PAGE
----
Five Tech Trends to Watch from the World’s Largest Consumer Electronics Show
I attended the Consumer Electronics Show (CES) for the first time this year in Las Vegas and was in awe of the size and number of industries touched by the tech products on display. 2016 was the most expansive CES to date; more 2.47 million net sq. ft. of exhibit space with over 170,000 in attendance, 30% from outside of the USA.
While it’s impossible to cover everything (and probably not advisable to read everything covered) here is a quick snapshot of 5 key trends I took away from the exhibition floor:
- Car makers are becoming technology companies: At CES2016 there were 9 auto makers exhibiting and 7 electric-car announcements. A decent chunk of floor space was reserved for the auto industry as technology becomes a more important (and valuable) aspect than the engine. A wide array of technologies were on display with special mention to; Nvidia’s deep-learning AI software designed for pedestrian avoidance; digitising of dashboards in Aston Martin cars from Letv (see above); Faraday’s Future’s underwhelming and overhyped concept car and Mercedes Benz F015 luxury autonomous car.
- You’ll probably own more than one tablet for different things: 2016 will see an emergence of new tablet categories. While we used to think about it as one tablet designed for everything, we’re now seeing high-end tablets designed for specific purposes with the belief that consumers are willing to own more than one. Special mention to Lenovo’s Yoga Tab Pro 3 with built-in Pico projector, mini-sound bar with Dolby Atmos and dual battery design for a whopping 10milliamps output. I’ve been using one for the last 3 weeks and it’s a fantastic entertainment and presentation tablet. The perfect Netflix Binge companion, just in time from Netflix’s CES announcement of launching in over 100 countries.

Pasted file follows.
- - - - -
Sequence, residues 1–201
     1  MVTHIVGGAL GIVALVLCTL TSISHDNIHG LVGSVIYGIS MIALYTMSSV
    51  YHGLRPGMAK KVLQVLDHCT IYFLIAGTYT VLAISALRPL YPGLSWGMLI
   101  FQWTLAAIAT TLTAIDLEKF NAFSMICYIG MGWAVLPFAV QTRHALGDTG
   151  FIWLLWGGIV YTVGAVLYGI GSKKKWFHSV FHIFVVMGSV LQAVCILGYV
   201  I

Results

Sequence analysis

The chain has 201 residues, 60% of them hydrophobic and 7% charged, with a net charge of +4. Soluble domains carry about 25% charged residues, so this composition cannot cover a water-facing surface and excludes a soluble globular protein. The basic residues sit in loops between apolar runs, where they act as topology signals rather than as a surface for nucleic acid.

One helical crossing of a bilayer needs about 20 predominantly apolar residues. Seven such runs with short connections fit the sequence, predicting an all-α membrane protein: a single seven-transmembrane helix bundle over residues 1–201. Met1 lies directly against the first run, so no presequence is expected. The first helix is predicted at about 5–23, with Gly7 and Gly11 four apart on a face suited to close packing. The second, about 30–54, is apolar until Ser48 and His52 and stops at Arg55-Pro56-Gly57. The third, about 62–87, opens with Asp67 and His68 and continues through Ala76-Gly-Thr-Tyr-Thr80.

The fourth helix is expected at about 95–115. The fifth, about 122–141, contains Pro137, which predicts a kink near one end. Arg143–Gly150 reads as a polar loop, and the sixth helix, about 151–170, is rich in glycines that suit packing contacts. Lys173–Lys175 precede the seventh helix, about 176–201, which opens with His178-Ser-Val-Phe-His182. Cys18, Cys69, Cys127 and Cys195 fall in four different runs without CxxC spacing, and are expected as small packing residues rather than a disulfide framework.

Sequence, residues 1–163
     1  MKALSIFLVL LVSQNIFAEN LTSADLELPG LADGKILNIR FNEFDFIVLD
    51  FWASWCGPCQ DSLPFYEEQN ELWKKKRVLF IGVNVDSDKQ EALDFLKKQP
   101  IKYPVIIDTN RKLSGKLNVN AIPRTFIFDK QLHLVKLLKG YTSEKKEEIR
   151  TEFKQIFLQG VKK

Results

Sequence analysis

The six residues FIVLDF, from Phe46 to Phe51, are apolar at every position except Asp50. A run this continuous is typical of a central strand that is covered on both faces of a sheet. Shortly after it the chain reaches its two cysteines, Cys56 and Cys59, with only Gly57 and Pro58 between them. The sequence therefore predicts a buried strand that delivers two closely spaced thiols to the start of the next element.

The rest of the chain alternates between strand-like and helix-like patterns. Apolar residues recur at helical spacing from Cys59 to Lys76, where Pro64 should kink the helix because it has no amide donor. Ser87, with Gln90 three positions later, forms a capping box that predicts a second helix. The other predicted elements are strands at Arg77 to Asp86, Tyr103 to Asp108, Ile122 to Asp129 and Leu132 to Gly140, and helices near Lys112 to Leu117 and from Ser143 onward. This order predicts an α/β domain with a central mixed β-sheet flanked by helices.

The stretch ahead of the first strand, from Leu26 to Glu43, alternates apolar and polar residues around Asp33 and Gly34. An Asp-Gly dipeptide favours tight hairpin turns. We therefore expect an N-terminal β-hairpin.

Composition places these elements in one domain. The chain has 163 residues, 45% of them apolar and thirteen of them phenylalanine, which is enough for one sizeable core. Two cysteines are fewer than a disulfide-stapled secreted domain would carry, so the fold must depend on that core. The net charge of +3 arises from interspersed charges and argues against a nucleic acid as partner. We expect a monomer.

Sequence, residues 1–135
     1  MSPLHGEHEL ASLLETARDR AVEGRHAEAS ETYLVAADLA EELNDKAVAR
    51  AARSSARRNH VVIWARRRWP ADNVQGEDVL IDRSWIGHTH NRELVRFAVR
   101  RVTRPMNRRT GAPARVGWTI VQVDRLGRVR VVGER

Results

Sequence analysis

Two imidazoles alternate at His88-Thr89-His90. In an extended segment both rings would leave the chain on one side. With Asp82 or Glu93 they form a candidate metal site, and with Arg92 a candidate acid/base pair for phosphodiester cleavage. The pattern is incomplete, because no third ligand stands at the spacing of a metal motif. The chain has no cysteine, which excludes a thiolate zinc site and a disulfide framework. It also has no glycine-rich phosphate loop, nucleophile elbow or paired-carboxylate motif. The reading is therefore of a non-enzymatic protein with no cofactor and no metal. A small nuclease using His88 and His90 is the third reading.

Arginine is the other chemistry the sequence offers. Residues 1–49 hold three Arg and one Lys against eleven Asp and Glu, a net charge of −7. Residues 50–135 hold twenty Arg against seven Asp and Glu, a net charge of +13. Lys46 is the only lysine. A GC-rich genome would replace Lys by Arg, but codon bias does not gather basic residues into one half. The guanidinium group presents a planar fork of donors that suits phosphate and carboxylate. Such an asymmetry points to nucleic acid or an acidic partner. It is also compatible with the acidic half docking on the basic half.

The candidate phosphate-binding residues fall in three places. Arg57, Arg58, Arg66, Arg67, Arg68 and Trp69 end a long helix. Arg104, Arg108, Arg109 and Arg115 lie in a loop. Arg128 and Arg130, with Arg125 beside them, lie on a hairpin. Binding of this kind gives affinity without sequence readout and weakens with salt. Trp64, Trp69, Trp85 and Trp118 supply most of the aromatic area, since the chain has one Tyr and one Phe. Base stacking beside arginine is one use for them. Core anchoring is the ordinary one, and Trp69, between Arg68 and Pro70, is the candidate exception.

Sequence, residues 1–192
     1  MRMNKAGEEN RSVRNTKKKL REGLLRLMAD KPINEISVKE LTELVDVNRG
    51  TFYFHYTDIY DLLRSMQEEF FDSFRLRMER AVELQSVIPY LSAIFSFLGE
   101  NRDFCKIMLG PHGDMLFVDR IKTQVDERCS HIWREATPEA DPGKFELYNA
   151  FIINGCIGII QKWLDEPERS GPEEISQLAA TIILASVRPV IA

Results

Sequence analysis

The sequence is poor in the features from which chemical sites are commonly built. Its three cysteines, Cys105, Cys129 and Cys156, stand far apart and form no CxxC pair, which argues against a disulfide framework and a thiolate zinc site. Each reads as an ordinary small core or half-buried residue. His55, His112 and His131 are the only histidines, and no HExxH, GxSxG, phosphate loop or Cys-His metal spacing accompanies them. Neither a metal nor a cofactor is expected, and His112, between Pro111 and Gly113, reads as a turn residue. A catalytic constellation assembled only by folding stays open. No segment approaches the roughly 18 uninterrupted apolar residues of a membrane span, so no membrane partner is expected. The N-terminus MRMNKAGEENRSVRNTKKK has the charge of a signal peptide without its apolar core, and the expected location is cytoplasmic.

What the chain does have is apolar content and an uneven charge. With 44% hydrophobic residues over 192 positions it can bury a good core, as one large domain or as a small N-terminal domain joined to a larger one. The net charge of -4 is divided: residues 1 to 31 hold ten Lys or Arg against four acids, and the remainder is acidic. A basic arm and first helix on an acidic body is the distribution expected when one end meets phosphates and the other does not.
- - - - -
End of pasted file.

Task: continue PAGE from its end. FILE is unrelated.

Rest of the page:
- Virtual and Augmented Reality (finally) arrive with apps to follow: You’ll actually be able to buy a VR headset this year! Not just a developer or beta version — Oculus announced a March ship date with a $599 USD price point with a 100 games and the lines to demo them were huge (more than 2 hours!). Meanwhile, there were huge lines for the lower end Samsung Gear VR in their ‘4D’ Cinema. I also got try on a few other VR headsets from China and recently announced ODG R7 Smart Glasses which are already shipping to US military — what applications exactly they wouldn’t tell me. I also got to see a great content demos from VR startup, Vrse.
- Drones are becoming more than just flying cameras: While the major use case is still flying cameras I saw other examples from drone manufacturers, the number of which too has exploded. Special mention to the first passenger drone from Chinese startup, Ehang, and IDJ which continues to be leader in the space.
- Wearables don’t need tiny screens to be useful: It turns out you don’t need a tiny screen to have a useful wearable device as startups find ways to avoid the huge costs involved with manufacturing mini-supercomputers. Cue the concept Wena smartwatch and Korean startup, TipTalk––both of which integrate a mechanical face with the smarts built in the band; vibration alerts, activity tracker and in TipTalk’s case, a microphone with sound-induction chip that turns your finger into a speaker! Intriguingly, both watches were concept products accelerated by the respective companies innovation programs.
Big thanks to Lenovo Australia for inviting me along to CES. Intrigued to know whats your biggest takeaway from CES? Tweet me (@jamesaSYD) or comment below 🙌